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Updated on
February 9, 2024

waitForSelector in Puppeteer: Basic and Advanced Configuration

When you do website automation or web scraping, you encounter various challenges. One of them is that some web applications don’t load all the content at once when you visit the webpage, including images, text, scripts, and other resources. Instead, they utilize JavaScript to fetch content after the initial page load. This technique of fetching additional content without reloading the entire web page is referred to as asynchronous loading.

In such circumstances, you need to wait until the desired element is loaded before you proceed with your test or scraping. In Puppeteer, there is a method called waitForSelector for this. waitForSelector is a function in Puppeteer that allows you to pause script execution until a specific DOM element on a web page becomes available or meets certain conditions.

In this article, we’ll explore both the fundamental setup details and advanced configuration of waitForSelector in Puppeteer. From waiting for a single element to appear on a web page to modifying the timeout and handling multiple selectors, we’ll discuss all the details.

How does waitForSelector work?

To understand how waitForSelector works, consider the following example. Imagine you are automating a task on a webpage with a login form. You enter your credentials, and there's a "Login" button to submit the form. However, this button becomes visible a few seconds after the page loads, possibly due to animations or dynamic content loading. With Puppeteer, instead of trying to click the "Login" button right after the page loads, you would use the waitForSelector function. This function ensures that your script pauses and waits until the "Login" button is available and interactable. Once waitForSelector detects the button, the script can proceed to click it and carry on with subsequent tasks.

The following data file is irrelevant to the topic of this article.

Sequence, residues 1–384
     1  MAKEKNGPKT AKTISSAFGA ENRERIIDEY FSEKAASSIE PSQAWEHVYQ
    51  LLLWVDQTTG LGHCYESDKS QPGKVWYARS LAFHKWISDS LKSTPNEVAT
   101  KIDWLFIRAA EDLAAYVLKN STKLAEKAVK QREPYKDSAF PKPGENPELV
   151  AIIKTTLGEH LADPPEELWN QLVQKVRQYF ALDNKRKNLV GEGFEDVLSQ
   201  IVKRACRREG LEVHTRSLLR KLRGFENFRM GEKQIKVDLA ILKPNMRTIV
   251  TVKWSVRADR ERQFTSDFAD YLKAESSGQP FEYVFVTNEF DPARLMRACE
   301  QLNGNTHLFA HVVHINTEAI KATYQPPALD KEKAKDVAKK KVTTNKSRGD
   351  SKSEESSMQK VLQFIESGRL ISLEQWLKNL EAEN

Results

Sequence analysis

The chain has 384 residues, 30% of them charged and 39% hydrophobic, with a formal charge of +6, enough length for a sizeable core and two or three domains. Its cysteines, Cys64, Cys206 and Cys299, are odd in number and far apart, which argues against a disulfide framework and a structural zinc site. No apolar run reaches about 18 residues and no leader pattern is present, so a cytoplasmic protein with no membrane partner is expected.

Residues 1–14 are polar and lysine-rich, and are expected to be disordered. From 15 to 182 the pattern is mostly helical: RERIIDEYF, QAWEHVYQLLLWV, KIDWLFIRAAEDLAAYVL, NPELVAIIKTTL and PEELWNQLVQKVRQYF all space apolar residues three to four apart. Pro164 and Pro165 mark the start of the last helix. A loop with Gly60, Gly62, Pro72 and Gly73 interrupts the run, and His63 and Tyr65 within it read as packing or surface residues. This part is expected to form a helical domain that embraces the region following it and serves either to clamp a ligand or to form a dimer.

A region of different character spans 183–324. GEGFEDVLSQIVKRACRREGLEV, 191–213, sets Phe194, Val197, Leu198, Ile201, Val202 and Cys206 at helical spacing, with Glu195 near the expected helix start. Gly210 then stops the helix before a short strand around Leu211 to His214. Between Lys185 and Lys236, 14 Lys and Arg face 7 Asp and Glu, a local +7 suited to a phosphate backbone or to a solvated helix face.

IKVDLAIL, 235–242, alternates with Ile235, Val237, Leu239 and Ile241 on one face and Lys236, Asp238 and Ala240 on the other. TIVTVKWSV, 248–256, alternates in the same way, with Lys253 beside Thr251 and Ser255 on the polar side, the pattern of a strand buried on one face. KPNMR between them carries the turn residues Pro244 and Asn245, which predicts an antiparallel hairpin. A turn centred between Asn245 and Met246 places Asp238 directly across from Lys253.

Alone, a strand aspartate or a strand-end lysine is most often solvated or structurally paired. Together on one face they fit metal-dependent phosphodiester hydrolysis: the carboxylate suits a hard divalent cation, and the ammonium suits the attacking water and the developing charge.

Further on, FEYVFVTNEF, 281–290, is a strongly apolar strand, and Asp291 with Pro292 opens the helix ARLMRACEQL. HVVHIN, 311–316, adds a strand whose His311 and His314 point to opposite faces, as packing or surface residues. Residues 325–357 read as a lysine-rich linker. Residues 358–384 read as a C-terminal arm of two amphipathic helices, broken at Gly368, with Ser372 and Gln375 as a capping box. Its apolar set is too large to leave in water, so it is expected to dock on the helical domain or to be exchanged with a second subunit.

How to setup ‘waitForSelector’ function in Puppeteer

Let’s discuss how to set up the ‘waitForSelector’ function in puppeteer code. 

Step 1:  Launch Puppeteer

As usual, you need to import the Puppeteer library and launch a browser instance. 

Step 2: Navigate to a Web Page

Next, create a new page in the browser and go to the desired webpage. 

Step 3: Use waitForSelector

Now you can use ‘waitForSelector’ to wait for the specific DOM element to appear or meet certain conditions. 

‘your-selector’ should be replaced by a valid CSS selector or XPath selector that corresponds to the DOM element you’re waiting for. When this code is executed, Puppeteer will pause the script execution until the specified element appears on the page. 

‘waitForSelector’ method comes with an optional parameter that can include the following properties.

  • timeout (number): The maximum time to wait for in milliseconds. Defaults value is 30000 (30 seconds).